(See below for parts 1- 9)
Nearly 150,000 U.S. military troops and 200,000 private contractors are still in Iraq trying to exercise a special influence on Iraqi history, by waging an imperialist war on behalf of special U.S. corporate interests. Yet most people in the United States probably didn't learn very much about Iraqi history in their high school social studies courses. But some knowledge of pre-1950 Iraqi history may be of use to U.S. anti-war activists when arguing with U.S. opponents of immediate withdrawal from Iraq and U.S. supporters of the Democratic Obama Regime’s war in Iraq, during the next 16 months.
Despite the political repression and martial law in 1940s Iraq, as late as May 1950 less than 14,000 of Iraq’s 130,000 to 150,000 people of Jewish background had left Iraq to live within the Zionist movement’s undemocratic new state in Palestine. So, to “encourage immigration,” the Israeli government apparently then arranged for anti-Semitic attacks to take place in Baghdad. According to the Palestinian Book Project’s 1977 book, Our Roots Are Still Alive:
“A series of bombings aimed at Jewish stores, synagogues and cafes stampeded a hundred thousand Iraqi Jews in a panicked flight to Israel. Many years later, an Israeli magazine, Ha’olam Hazeh (5/29/66) published the confession of an Israeli agent, Yehuda Tager. Israelis had been responsible for the bombings in Baghdad to `encourage immigration.’”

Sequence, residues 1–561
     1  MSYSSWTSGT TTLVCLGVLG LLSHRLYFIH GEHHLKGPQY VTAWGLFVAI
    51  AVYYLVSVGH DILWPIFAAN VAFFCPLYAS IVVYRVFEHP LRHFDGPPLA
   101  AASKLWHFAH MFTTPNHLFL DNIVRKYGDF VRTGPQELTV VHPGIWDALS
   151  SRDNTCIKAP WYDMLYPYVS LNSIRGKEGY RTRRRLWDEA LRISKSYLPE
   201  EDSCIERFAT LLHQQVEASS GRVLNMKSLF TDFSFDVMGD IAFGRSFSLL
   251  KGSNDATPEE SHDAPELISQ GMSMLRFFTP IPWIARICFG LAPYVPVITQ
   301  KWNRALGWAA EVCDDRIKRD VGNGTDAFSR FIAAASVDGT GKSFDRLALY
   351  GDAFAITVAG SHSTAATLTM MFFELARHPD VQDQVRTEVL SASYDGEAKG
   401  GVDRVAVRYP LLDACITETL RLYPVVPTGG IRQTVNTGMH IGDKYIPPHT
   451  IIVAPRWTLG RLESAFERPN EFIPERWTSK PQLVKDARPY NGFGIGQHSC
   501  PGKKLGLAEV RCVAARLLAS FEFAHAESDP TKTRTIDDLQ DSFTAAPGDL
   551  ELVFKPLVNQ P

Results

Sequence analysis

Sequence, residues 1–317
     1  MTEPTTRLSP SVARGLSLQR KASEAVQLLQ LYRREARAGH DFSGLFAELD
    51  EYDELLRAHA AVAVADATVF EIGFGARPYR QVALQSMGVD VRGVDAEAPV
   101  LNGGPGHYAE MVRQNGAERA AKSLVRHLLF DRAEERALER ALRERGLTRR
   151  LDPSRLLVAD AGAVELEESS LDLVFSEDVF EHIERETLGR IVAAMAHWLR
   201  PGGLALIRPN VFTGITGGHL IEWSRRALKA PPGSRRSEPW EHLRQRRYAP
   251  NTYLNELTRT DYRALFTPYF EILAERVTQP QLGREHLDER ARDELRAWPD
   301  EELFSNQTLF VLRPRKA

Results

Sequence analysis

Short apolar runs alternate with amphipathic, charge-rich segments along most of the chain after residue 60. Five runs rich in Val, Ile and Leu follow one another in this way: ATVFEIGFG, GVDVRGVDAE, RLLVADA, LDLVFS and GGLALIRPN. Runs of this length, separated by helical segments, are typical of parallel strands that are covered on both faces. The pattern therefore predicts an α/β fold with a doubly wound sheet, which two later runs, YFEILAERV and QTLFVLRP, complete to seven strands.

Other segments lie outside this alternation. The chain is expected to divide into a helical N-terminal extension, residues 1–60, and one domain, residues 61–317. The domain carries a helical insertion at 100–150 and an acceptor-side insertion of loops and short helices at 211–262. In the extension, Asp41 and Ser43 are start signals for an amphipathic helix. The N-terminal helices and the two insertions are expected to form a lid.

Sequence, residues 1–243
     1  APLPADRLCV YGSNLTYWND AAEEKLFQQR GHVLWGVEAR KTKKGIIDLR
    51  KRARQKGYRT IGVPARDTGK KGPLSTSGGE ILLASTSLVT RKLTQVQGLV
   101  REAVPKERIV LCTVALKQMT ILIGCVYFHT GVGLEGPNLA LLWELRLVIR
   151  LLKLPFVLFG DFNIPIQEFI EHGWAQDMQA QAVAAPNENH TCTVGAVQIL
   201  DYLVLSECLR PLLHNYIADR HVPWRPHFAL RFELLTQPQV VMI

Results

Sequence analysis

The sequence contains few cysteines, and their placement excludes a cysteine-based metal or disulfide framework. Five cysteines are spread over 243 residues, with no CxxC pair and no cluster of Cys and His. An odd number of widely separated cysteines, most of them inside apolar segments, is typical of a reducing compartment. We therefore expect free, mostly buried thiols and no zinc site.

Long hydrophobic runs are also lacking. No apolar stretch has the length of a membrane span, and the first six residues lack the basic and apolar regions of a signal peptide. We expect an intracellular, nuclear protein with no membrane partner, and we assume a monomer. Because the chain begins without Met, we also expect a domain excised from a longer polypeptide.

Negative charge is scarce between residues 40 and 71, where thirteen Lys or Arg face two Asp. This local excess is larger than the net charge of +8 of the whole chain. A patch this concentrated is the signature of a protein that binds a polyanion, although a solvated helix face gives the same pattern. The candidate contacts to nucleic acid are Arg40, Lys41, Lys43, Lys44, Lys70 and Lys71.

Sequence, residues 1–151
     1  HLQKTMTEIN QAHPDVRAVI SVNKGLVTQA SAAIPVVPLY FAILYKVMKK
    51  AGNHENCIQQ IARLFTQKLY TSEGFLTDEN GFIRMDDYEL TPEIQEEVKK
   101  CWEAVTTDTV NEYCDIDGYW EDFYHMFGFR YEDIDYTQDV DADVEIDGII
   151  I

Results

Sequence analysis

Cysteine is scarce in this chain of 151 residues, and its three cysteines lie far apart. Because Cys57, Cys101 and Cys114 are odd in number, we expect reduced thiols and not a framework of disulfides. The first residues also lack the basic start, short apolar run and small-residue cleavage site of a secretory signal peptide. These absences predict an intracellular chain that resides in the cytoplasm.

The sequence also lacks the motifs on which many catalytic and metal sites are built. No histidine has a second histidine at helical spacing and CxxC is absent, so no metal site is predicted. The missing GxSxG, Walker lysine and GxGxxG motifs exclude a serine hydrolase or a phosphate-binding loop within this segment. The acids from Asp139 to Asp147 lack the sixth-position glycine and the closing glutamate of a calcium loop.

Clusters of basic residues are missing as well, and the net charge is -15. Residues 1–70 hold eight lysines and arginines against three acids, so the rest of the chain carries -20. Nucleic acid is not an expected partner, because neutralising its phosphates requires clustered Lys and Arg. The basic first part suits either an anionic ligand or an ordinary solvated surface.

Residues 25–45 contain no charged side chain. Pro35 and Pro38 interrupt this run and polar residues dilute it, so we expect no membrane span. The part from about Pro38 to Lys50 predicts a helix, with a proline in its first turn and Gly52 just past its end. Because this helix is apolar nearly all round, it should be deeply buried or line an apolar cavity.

The “encouraged” legal immigration of Iraqis of Jewish religious background from Iraq to Israel/Palestine began in May 1950; and when it ended in August 1951, the number of Iraqis of Jewish background had decreased by an additional 110,000. As a result, according to the 1978 book The Old Social Classes and the Revolutionary Movements of Iraq by Hanna Batatu, “the Shiite merchants succeeded to first place in the trade of Baghdad after the exodus of the Jews…” At the same time, the U.S. government, after 1950, began to replace the UK government as the major foreign government that undemocratically attempted to exercise a special influence on the internal political affairs of Iraq, in violation of international law and the United Nations Charter.
As this revisiting of Iraq’s pre-1950 history reveals, people in Iraq have been consistently demanding an end to the colonization of their country since the end of World War I. So as the current U.S.-led military occupation of Iraq continues under the Democratic Obama regime, U.S. anti-war activists still have an internationalist obligation to work for an immediate end to the morally bankrupt attempt to re-colonize Iraq in the 21st-century on behalf of U.S. corporate interests.